UK implements border checks on EU fresh food products

Freight shipping containers at the U.K. port of Southampton
Freight shipping containers at the U.K. port of Southampton | Photo courtesy of Amani A/Shutterstock
4 Min

On 30 April, the U.K. introduced border checks on fresh food products entering the country from the E.U. – over four years after the country left the bloc through Brexit.

The new requirements mandate that E.U. exporters of animal and plant products, including seafood chilled and frozen meat, dairy products, berries, and some cut flowers, must present export health certifications (EHCs) to U.K. authorities upon entry. The checks also include visual inspections and temperature readings of goods, both of which the country has deemed essential to prevent diseases and pests entering its borders.

With the program still in its infancy, goods posing the highest biosecurity risk are being prioritized, though customs officials will quickly ramp up check rates and high levels of compliance, according to the U.K. government.

“It is essential that we introduce these global, risk-based checks. They are categorized based on the inherent risk the commodity poses to animal health, food safety, biosecurity, and public health, alongside the risks specific to the country of origin. Low-risk goods such as tinned salmon will not need to have health certificates or routine border checks,” U.K. Cabinet Office Minister Lucy Neville-Rolfe said. “We cannot continue with temporary measures which leave the U.K. open to threats from diseases and could do considerable damage to our livelihoods, our economy, and our farming industry.”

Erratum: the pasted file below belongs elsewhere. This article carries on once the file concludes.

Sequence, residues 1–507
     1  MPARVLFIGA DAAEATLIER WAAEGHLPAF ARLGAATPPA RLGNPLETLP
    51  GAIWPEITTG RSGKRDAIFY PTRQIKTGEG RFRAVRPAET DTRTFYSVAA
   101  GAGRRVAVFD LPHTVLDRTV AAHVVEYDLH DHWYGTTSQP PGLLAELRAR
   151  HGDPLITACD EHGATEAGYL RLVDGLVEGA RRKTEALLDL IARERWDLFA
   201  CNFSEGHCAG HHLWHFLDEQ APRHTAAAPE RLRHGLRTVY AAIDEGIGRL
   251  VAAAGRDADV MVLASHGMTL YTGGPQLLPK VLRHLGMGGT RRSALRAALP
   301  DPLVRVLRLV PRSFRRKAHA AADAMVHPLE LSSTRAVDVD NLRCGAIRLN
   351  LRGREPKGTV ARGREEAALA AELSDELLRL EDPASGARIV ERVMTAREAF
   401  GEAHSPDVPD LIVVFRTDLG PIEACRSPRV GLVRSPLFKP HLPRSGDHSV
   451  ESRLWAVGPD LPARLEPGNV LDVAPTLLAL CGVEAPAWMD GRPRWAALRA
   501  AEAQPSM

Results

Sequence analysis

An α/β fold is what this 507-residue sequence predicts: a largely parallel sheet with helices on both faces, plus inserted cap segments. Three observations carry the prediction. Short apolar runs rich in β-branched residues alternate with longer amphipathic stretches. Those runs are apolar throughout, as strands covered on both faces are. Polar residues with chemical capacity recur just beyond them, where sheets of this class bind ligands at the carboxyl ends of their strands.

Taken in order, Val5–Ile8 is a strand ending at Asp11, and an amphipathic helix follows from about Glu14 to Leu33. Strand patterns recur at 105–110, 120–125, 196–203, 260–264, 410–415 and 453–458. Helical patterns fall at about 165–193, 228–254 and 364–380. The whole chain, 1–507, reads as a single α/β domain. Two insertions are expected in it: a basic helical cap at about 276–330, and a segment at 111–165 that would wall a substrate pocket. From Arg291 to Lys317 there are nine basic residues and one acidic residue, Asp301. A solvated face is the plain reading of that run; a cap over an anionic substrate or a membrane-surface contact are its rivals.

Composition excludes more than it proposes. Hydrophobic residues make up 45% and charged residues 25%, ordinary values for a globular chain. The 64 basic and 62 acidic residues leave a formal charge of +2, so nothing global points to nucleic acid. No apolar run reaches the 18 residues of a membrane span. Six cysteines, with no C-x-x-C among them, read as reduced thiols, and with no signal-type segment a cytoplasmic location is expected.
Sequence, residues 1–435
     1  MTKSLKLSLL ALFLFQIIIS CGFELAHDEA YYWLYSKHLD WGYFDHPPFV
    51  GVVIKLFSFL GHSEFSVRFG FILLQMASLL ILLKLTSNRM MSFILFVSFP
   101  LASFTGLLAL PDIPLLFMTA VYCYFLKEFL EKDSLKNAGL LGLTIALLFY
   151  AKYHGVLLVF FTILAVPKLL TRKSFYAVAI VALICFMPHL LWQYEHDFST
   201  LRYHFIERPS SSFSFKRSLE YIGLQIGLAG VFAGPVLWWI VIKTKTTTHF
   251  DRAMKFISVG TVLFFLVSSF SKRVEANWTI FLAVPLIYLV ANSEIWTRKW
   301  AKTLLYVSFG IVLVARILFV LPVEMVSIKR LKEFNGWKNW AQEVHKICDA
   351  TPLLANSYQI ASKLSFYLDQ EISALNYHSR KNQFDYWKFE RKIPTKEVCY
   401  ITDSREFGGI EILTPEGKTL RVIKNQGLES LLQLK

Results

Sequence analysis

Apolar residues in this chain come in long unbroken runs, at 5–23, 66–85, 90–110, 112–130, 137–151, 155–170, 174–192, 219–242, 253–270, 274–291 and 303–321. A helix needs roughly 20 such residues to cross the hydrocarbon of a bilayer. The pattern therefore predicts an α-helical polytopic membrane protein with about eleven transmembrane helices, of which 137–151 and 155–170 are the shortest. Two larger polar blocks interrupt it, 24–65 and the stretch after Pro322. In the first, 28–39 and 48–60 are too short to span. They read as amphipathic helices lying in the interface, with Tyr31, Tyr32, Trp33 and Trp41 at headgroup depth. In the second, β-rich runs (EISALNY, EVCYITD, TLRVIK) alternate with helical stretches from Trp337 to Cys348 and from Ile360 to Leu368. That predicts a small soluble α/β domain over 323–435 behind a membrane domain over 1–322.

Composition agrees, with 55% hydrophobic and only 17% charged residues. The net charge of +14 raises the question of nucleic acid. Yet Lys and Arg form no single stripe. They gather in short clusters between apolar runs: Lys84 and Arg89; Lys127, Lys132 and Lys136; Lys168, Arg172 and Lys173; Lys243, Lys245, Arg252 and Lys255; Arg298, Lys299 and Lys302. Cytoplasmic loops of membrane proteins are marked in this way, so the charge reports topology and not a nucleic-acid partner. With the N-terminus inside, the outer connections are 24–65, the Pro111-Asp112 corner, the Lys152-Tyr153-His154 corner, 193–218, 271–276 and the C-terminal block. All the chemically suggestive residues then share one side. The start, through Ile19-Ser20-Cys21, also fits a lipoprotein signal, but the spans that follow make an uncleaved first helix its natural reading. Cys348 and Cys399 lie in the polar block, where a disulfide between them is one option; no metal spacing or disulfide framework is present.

To cover the costs of its new controls and systems, the U.K. has introduced a common user charge for goods imported through the border inspection posts at the Port of Dover in the country’s southeast and the Eurotunnel.

Some businesses in the country fear the resulting increase in paperwork and cost-per-consignment rates imposed on E.U. exporters will impact small retailers and wholesalers in the U.K. Consumers have been warned to expect a reduced variety of delicatessen goods, less fresh produce, and higher prices.

The checks represent the first time since Brexit the U.K. has applied third-country status to E.U. businesses. For their part, U.K. businesses have had to deal with their status as third-country entities in the E.U. since 1 January 2021, when E.U. border posts implemented strict inspection regimes to ensure food safety and disease control. Since then, U.K. exporters have encountered port delays, non-tariff barriers, and a plethora of paperwork and bureaucracy that have impeded their ability to get their goods to the bloc.

Many companies, including seafood companies, small cheese makers, and brewers have either stopped exporting to the E.U. because it is too expensive and difficult or have gone out of business altogether.

According to the Resolution Foundation, a London, U.K.-based think tank, U.K. trade of overall goods had shrunk by the end of 2023 “to levels not seen since 2015.” Exports of goods have contracted by 13.2 percent and imports by 7.4 percent since 2019, according to the foundation, which is a far larger dip than any other G7 country – a forum that comprises Canada, France, Germany, Italy, Japan, and the U.S.

Speaking to SeafoodSource at the 2024 Seafood Expo Global, which took place in Barcelona, Spain, from 23 to 25 April, Scottish Salmon CEO Tavish Scott said the ... 

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